The Norton Anthology: English Literature gives a summary of John Donne’s work as follows: “John Donne’s poems abound with startling images, some of them exalting and others grotesque. With his strange and playful intelligence, expressed in puns, paradoxes, and the elaborately sustained metaphors known as ‘conceits,’ Donne has enthralled and sometimes enraged readers from his day to our own. The tired clichés of love poetry—cheeks li...
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...His Coy Mistress”, the circumstance of difficulty is the lack of time the speaker has to express his love for his lover. The expression of love through sex is clear amongst both of the poets, but the men are being honest and candid about these intentions. The reasons for wanting to express this love may be different to some, but ultimately it remains honest. The speakers in both “The Flea” and “To His Coy Mistress” do not attempt to wow or trick their lovers into bed; they make the desires of sex blunt. You can express love in many different ways, but total submission through sex is the most common. Ultimately the one thing the poets have in common through their approaches towards their goals is honesty.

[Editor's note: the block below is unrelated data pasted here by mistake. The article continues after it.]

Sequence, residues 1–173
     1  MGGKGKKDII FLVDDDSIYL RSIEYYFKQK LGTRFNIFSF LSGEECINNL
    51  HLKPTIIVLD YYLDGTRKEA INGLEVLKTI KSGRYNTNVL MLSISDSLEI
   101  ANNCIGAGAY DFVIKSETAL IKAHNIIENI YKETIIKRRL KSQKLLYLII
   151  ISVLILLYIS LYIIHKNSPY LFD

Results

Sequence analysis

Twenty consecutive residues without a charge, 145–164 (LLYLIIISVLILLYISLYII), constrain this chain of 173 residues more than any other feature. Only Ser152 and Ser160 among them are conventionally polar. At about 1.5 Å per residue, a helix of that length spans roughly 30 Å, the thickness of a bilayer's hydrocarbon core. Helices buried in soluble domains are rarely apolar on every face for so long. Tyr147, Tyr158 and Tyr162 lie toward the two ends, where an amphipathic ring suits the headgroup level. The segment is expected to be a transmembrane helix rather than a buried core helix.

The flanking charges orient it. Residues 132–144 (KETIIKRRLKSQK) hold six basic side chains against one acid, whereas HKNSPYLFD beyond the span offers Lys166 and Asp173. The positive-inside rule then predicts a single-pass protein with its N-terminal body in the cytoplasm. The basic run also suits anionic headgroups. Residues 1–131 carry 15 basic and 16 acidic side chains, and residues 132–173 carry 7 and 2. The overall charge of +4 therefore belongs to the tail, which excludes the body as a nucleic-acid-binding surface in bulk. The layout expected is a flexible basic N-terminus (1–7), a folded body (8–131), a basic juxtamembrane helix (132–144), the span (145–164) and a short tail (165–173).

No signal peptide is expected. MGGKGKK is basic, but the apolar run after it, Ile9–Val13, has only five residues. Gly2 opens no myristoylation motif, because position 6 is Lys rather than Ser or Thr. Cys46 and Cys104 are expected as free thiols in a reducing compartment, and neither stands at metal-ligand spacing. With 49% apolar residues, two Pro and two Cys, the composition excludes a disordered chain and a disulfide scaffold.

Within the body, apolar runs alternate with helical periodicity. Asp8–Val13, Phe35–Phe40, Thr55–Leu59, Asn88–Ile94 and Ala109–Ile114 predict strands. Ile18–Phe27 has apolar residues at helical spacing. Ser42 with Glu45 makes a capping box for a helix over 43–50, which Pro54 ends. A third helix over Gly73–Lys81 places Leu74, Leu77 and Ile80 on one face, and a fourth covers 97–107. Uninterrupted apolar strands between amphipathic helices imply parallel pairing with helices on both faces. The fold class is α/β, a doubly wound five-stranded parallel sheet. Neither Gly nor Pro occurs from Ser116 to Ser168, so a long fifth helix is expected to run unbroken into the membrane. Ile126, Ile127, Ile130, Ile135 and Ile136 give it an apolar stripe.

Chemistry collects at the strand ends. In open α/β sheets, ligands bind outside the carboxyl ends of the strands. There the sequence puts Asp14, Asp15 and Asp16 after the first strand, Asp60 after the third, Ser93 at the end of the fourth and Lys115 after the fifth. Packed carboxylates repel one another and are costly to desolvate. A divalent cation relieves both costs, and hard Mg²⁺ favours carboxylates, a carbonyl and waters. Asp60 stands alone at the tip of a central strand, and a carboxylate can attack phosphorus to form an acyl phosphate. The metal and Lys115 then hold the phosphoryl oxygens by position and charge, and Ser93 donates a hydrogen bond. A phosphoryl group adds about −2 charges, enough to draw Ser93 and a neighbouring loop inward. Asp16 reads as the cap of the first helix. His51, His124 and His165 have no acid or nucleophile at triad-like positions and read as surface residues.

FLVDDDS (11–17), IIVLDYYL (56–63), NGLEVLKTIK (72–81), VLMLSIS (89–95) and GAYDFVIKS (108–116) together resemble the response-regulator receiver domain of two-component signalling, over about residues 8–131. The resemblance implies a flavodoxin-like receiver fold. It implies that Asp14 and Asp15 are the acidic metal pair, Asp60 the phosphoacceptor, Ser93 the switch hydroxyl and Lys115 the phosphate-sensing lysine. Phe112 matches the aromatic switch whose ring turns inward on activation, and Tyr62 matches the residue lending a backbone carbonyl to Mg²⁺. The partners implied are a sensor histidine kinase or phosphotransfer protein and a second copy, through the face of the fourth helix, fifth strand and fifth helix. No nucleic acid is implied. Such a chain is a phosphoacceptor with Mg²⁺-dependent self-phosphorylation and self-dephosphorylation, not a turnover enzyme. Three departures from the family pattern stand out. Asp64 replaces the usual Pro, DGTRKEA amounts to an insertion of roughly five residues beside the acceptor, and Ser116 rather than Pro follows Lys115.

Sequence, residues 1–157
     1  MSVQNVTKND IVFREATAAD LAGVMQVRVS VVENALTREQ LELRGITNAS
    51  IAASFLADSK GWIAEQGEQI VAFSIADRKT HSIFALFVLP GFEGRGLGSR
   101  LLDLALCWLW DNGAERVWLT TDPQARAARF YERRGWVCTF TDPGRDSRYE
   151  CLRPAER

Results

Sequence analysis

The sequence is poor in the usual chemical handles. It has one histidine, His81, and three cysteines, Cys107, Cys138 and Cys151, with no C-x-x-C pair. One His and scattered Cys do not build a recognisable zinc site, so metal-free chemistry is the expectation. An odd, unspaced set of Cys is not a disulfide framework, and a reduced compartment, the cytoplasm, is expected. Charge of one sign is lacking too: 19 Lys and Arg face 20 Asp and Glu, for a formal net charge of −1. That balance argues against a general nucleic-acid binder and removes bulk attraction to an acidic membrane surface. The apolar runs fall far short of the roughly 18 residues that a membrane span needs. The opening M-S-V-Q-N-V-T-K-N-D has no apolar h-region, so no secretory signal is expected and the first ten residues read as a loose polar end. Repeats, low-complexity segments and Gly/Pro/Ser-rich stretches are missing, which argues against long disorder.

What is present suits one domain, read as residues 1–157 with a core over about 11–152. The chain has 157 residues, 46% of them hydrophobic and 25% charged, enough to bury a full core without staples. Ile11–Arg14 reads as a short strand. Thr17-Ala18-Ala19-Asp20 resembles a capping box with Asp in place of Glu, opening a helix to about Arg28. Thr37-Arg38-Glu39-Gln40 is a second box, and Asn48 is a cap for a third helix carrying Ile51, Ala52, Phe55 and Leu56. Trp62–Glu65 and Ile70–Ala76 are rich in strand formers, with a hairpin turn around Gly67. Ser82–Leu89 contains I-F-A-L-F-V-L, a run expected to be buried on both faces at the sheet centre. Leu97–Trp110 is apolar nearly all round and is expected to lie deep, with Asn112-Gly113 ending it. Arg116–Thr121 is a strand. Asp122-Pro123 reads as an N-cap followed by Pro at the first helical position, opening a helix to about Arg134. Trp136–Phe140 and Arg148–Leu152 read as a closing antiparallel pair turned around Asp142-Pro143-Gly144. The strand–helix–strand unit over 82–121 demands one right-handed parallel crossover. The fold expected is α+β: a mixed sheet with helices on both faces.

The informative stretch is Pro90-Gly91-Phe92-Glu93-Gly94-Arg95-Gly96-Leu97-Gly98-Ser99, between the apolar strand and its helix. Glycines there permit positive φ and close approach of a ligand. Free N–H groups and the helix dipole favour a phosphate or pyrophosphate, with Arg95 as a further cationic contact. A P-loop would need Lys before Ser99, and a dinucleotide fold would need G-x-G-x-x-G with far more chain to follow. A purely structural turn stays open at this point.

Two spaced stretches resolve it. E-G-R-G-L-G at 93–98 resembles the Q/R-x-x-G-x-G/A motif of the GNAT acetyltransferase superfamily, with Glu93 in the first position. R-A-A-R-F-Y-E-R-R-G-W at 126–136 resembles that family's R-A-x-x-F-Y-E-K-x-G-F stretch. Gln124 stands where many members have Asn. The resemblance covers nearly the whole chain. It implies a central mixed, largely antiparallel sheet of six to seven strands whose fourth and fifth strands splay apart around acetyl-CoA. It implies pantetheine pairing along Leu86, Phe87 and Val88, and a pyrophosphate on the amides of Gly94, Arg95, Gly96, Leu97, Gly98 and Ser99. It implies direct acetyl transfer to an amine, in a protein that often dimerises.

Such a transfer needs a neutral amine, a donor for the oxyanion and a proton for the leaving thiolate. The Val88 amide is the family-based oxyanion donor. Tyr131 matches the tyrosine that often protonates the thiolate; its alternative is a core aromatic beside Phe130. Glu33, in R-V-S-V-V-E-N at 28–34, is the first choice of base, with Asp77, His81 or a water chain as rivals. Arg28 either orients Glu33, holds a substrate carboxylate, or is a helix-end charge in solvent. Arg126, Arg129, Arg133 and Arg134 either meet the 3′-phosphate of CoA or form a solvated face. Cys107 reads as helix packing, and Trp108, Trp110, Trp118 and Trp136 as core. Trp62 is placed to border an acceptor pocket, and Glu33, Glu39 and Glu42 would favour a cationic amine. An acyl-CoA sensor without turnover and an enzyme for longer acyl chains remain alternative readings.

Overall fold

Greenblatt, Stephan. The Norton Anthology of English Literature: the Major Authors. New York, New York: W.W. Norton & Company, Inc., 2013. Print.
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